The following week I went to a class where the people spent a lot less time getting on my nerves and a lot more time playing with yarn and bottles full of stuff that stains the yarn and my faith in the general like-ability of my fellow knitters has, for now, been restored.
There were a bunch of wild and crazy things going on at this class. First, it was a sock dyeing class held (don't faint) inside a yarn shop. Not in a separate safe room that had been emptied of all fiber goodies and had its floor covered in plastic. Actually in the yarn shop, within reach of the yarn and the patterns, the carpet (which worried me the most) and (I didn't have the foresight to worry about this and for once it wasn't my fault) the ceiling. Second, everyone was reallyreallyreallysuperextra nice, and not even a little annoying. No one mentioned their "muse" or their "creative process," not even the teacher who actually does have a creative process (and perhaps is a little too busy exercising her creativity to waste her time (or mine; like the double parens?) blithering about said CP).
Third, they let me touch the bottles of dye. This was the true craziness of the afternoon. They let me stand in a yarn shop full of real yarn and carpeting and other people while holding bottles of dye. And they were fearless about it. No one seemed to think that I might drop a bottle on the floor or bump into a neighbor and make her drop her bottle or that I might, in the sheer joy of artistic discovery and unable to contain my creative process one moment longer, run madly around the yarn shop dyeing anything in my way. They didn't even put plastic under my feet, which made me think I was in the company of some serious risk takers.
The class, taught by the exuberant (and very funny) Jennifer of Holiday Yarns, was meant to be an opportunity for us to learn a little about hand dyeing while decorating two skeins of sock yarn. Jennifer didn't even limit our color choices, which was both incredibly generous and incredibly insane of her, since she had to spend a lot of time mixing all of our colors. The hard part, of course, was figuring out the color combinations we wanted. Some of the people wanted tonal stuff, but most of us spent the first 45 minutes combing the yarn store for color combinations we liked. This was as much fun as the rest of the class and I met a lot of new yarns and colors that I liked.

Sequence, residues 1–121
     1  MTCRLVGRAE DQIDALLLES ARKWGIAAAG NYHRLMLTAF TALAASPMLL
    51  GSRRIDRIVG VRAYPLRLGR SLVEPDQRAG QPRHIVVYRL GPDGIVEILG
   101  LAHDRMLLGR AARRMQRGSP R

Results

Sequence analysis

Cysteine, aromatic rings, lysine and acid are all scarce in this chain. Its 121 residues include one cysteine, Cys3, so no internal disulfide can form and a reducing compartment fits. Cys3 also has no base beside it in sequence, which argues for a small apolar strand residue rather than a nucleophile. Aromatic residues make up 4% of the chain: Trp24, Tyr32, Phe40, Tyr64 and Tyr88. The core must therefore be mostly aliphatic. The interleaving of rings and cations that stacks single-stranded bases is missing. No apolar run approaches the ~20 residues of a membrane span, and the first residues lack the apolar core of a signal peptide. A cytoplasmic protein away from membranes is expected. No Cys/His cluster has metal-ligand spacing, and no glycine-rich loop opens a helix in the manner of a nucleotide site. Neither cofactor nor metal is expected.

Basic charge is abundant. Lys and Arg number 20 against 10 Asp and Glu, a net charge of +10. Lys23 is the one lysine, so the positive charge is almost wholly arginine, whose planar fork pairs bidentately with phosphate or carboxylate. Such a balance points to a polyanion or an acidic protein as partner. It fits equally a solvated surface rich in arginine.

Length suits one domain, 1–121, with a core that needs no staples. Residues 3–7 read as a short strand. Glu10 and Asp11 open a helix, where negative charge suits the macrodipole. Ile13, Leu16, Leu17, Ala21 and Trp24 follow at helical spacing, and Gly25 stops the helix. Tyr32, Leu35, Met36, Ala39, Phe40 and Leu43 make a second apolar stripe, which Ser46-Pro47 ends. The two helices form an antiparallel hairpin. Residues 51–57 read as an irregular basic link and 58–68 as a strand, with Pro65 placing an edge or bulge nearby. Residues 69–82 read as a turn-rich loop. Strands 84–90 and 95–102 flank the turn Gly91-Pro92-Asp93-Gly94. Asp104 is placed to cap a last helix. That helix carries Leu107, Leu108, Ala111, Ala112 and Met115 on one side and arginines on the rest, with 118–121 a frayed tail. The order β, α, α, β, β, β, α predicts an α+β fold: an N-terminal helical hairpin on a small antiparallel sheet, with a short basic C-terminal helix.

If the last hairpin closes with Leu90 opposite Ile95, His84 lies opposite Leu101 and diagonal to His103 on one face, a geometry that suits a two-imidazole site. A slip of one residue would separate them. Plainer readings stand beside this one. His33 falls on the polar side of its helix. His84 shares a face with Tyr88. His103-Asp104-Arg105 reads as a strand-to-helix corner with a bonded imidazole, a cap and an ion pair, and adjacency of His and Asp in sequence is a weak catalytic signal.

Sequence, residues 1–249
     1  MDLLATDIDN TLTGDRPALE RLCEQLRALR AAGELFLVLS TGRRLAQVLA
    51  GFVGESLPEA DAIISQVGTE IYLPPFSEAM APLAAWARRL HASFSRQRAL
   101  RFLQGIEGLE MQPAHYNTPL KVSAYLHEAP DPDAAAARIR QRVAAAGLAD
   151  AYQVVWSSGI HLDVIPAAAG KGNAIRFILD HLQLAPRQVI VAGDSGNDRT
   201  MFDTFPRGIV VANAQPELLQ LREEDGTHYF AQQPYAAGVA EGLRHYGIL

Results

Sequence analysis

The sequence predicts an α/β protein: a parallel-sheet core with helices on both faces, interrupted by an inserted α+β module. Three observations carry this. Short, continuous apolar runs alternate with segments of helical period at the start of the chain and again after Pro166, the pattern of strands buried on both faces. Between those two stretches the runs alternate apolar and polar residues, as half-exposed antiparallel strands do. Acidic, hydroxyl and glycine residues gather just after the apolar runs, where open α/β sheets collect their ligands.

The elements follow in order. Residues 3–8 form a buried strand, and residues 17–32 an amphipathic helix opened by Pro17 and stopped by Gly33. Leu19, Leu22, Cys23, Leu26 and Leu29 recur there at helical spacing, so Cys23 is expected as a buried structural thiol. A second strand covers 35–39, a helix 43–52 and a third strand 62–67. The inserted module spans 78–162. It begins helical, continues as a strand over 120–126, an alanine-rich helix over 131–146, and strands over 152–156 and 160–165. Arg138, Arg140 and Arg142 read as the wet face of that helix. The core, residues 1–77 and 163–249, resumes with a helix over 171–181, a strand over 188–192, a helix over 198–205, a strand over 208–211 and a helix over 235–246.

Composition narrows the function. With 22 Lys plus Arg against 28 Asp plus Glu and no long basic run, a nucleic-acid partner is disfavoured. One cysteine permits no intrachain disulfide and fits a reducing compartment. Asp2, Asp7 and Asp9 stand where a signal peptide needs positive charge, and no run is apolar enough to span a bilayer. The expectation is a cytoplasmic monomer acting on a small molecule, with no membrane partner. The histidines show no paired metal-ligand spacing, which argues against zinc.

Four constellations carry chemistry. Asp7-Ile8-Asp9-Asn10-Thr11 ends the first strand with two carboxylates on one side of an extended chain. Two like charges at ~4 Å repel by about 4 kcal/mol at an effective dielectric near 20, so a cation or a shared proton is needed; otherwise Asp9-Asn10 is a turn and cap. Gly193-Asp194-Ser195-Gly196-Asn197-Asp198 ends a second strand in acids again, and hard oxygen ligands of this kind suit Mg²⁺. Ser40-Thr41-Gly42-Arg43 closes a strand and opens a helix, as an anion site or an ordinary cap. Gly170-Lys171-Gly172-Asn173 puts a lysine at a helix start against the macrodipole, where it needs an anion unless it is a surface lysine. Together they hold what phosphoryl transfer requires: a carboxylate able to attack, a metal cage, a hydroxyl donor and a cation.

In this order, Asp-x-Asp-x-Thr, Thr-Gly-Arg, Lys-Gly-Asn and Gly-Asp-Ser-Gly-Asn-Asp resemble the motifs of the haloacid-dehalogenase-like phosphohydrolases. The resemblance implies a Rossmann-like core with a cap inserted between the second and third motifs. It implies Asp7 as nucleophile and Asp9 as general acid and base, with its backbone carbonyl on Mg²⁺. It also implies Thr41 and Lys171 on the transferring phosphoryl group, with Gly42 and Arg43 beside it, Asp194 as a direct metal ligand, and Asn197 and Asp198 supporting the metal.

Here is my first combination (though it was the second skein that I dyed)
and the skein that I made from those colors.
|Can you believe they left that open tub of dye near me? |
I feel like I could accidentally knock it over just by looking at the picture.
The idea behind this skein is to get a Monet-like feeling, rather than stripes. I haven't been bold enough to knit it yet, so I can't tell whether it worked or not.
and its skein:
One of the things I learned from the class is that I am not very good at putting the dye where I want it. You can even see a few blue dots where I strayed from my center line and I had a rotten time getting the dye to start squirting in the right spot.
Skeins from about half of the class:
|They look like they are about to slide off the table, don't they? |
Nate looked at this picture too quickly and thought it was a table full of skateboards.
My favorites are the two at the top with all the sprinkles in the middle, and if I hadn't gotten so bogged down in my color choices, I would have loved to do a confetti skein like that. Then again, the methodology requires you to sprinkle the dots of color without drowning the yarn in colors, restraint being the key to success. I could never have left enough white space to make the skein work. I would have been having too much fun flicking the dye bottle around and soon enough I would have had a big old mess. There is always next time, though, when I might be older and wiser and better able to contain my enthusiasm with the dye bottle.